The Case Against Roxor: A Brief Overview of Civil Litigation

by Lost_Sage, 1 June 05

by Shane Dizon, J.D., U.C. Hastings College of the Law ’05

The good folks at DDR Freak asked me to give the community the lay of the land concerning Konami’s recently filed suit against Roxor in federal court. I’ll leave the nitty-gritty details of intellectual property law to subsequent experts, but I wanted to give everyone a big picture overview of how civil litigation works in this case.

As of Now: The Complaint

The complaint is what starts a lawsuit. It alleges:

• Who is suing whom
• Why the court has the power to hear the case in terms of what (subject matter jurisdiction) and where (personal jurisdiction and venue)
• What facts are being alleged
• Why those facts give rise to civil suit
• What relief the plaintiff is requesting

In federal court, all that is required of a complaint is enough to put a defendant on notice. A complaint does not lay out every detail of a plaintiff’s entire case.

So let’s apply that here.

• Konami’s complaint names Roxor as a defendant.
• It says suit is proper in federal district court (think a superior court, but on the federal side) in two ways. First, both a federal question is being resolved (federal trademark law) and diversity of citizenship exists (Konami is Japanese; Roxor is Texan). Second, the Eastern District of Texas has jurisdiction over the person (Roxor, a corporation, is treated as a person) and proper venue, because that is where Roxor is headquartered and where a substantial part of the “bad stuff” supposedly happened.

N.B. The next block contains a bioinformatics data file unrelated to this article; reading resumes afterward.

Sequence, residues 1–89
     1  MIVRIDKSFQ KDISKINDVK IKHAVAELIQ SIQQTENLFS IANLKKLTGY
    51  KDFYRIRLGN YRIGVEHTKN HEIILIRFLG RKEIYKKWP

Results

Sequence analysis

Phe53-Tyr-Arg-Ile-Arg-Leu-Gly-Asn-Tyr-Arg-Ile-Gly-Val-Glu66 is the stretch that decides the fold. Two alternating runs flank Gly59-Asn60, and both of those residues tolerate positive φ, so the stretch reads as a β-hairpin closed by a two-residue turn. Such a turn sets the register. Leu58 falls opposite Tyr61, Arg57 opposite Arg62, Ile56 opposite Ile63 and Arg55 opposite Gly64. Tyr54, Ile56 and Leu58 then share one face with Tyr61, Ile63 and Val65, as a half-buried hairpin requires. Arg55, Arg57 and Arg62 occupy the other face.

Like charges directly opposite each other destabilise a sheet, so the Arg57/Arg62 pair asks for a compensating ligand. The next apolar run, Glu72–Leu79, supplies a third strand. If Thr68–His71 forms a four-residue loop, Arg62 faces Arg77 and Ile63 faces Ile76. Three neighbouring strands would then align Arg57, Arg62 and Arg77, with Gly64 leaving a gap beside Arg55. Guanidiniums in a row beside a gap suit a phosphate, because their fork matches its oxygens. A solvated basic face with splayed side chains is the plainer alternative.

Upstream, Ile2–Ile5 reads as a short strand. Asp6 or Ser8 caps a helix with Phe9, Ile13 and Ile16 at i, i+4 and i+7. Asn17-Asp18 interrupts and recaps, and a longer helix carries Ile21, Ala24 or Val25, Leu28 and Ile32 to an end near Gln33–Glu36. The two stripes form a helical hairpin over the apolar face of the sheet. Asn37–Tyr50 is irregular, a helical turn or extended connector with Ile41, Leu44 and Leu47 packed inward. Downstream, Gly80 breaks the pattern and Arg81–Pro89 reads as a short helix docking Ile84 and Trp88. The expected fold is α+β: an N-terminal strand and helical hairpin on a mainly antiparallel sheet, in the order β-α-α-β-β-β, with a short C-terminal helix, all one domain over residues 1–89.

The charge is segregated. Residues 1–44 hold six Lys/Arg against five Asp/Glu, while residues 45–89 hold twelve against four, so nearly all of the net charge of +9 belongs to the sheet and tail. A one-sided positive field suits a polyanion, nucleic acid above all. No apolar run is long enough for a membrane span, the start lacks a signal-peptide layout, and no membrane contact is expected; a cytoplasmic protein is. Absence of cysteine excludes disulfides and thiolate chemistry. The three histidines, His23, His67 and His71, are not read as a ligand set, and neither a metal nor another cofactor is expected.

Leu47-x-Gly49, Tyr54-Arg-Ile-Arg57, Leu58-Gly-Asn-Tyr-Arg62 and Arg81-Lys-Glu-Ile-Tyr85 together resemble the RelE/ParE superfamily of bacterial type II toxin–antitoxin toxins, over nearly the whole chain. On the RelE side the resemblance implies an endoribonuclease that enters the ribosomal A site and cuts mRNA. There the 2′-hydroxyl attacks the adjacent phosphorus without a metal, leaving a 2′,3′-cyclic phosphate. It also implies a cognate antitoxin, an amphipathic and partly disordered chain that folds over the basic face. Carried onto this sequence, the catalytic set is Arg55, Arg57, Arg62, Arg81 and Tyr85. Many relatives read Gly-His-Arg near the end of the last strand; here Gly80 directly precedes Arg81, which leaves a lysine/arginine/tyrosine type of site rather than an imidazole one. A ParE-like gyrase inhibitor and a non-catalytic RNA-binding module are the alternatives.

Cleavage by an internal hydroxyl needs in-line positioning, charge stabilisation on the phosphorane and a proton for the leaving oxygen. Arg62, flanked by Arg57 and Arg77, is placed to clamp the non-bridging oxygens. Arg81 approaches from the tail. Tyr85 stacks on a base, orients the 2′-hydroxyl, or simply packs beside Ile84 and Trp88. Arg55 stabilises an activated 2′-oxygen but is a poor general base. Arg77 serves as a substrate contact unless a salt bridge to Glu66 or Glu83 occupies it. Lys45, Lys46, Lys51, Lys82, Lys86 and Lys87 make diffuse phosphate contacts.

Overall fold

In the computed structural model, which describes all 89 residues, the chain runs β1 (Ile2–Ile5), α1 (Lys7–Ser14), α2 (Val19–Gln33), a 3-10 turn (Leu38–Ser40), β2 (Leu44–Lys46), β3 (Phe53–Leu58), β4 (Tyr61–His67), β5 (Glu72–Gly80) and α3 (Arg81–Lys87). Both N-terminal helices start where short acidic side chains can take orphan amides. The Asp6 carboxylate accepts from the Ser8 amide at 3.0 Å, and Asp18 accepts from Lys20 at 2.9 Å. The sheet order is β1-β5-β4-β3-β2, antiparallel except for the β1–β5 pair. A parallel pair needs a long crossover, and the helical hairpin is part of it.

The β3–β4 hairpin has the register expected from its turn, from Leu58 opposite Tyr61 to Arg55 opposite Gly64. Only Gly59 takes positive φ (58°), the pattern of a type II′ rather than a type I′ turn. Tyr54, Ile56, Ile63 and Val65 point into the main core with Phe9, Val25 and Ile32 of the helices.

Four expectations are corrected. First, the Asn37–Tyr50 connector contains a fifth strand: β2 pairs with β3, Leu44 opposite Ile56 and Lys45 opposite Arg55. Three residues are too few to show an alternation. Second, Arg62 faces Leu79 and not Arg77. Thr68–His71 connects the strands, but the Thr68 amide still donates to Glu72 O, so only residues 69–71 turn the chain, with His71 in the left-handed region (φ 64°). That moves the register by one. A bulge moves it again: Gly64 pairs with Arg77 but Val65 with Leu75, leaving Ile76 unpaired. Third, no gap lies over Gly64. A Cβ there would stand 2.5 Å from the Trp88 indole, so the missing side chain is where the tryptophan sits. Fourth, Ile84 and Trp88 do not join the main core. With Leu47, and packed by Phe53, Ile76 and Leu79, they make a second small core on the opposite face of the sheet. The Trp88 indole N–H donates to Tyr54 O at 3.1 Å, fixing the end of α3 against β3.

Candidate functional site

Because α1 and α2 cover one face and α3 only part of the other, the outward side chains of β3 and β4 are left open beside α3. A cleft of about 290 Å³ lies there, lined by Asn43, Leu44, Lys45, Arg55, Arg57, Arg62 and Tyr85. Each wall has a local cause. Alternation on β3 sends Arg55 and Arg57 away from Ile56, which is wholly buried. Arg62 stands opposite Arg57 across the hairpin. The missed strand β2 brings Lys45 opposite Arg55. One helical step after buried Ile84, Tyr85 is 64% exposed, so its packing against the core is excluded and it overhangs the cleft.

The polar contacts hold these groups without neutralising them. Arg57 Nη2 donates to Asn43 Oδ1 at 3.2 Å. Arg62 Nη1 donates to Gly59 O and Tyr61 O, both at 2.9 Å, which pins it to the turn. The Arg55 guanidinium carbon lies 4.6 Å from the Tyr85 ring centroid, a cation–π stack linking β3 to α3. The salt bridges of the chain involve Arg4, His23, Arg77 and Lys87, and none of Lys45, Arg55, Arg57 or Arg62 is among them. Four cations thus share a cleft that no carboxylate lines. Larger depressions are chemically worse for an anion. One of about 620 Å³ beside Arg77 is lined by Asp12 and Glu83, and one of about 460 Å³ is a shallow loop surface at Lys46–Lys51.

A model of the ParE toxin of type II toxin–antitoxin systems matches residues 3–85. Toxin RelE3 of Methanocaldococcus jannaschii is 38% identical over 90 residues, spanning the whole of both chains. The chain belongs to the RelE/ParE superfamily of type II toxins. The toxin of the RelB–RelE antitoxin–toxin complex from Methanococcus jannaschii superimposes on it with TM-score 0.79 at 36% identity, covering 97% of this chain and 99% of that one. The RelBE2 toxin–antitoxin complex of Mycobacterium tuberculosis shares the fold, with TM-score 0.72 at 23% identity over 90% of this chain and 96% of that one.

• Konami alleges the facts that give rise to what it believes to be the right to sue. So it talks about itself, the defendant, and the actions it thinks took place. Again, they might not all be found true, if the court gets around to deciding it.
• Konami then lists all the portions of federal and state law that, given the facts, comprise its suit. Here, both federal and Texas state law protect intellectual property.
• Lastly, Konami asks for relief. In this case, Konami is asking for basic money damages to compensate their loss, punitive damages, attorneys’ fees, and an injunction. We’ll talk about remedies a little later in the article.

What Might Come Later: The Answer, Amendments, Discovery, Or If We’re All Lucky, Settlement

The Answer

So the plaintiff’s first communication is the complaint, which is filed with the court and served on the defendant. The defendant has a certain amount of time to reply to the complaint, by filing an answer with the court.